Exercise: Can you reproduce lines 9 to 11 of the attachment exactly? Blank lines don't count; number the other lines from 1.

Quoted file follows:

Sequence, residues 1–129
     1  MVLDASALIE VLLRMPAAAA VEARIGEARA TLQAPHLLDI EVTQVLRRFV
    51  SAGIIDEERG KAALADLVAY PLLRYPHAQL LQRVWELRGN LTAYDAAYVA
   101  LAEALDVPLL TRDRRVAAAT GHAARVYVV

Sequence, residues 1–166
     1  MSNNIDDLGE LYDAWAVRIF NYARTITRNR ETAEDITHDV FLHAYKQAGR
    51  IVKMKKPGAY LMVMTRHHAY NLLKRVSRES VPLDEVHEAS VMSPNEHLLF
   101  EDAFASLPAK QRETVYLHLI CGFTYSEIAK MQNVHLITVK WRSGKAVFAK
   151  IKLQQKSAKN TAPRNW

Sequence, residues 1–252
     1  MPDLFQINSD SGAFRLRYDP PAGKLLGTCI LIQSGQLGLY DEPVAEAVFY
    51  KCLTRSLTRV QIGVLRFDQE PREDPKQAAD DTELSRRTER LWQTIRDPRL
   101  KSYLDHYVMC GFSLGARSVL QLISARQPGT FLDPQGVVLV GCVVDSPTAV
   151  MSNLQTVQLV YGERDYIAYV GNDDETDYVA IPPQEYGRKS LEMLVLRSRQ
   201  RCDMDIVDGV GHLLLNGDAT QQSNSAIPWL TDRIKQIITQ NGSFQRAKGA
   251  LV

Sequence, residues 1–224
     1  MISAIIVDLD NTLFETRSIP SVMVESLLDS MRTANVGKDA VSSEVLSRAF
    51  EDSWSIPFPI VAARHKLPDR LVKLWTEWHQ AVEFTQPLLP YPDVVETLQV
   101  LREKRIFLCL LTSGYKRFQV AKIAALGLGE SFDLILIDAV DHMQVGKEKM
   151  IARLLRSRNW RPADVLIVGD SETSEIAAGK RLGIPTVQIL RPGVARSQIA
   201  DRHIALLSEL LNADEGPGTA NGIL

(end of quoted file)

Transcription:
   151  IKLQQKSAKN TAPRNW

Sequence, residues 1–252
     1  MPDLFQINSD SGAFRLRYDP PAGKLLGTCI LIQSGQLGLY DEPVAEAVFY